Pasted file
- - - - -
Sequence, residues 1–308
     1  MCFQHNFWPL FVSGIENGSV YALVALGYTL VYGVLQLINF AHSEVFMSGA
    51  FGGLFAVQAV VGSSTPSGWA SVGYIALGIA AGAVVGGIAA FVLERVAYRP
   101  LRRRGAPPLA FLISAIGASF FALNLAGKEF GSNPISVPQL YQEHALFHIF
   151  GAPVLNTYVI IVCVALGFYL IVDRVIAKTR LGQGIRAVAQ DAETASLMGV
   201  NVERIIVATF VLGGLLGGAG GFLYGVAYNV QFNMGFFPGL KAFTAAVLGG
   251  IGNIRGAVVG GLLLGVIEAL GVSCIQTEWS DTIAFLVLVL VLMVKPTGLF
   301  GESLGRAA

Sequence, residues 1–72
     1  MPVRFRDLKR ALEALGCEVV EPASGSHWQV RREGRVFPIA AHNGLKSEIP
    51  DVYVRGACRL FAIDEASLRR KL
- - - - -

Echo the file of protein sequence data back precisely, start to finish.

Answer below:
Sequence, residues 1–308
     1  MCFQHNFWPL FVSGIENGSV YALVALGYTL VYGVLQLINF AHSEVFMSGA
    51  FGGLFAVQAV VGSSTPSGWA SVGYIALGIA AGAVVGGIAA FVLERVAYRP
   101  LRRRGAPPLA FLISAIGASF FALNLAGKEF GSNPISVPQL YQEHALFHIF
   151  GAPVLNTYVI IVCVALGFYL IVDRVIAKTR LGQGIRAVAQ DAETASLMGV
   201  NVERIIVATF VLGGLLGGAG GFLYGVAYNV QFNMGFFPGL KAFTAAVLGG
   251  IGNIRGAVVG GLLLGVIEAL GVSCIQTEWS DTIAFLVLVL VLMVKPTGLF
   301  GESLGRAA

Sequence, residues 1–72
     1  MPVRFRDLKR ALEALGCEVV EPASGSHWQV RREGRVFPIA AHNGLKSEIP
    51  DVYVRGACRL FAIDEASLRR KL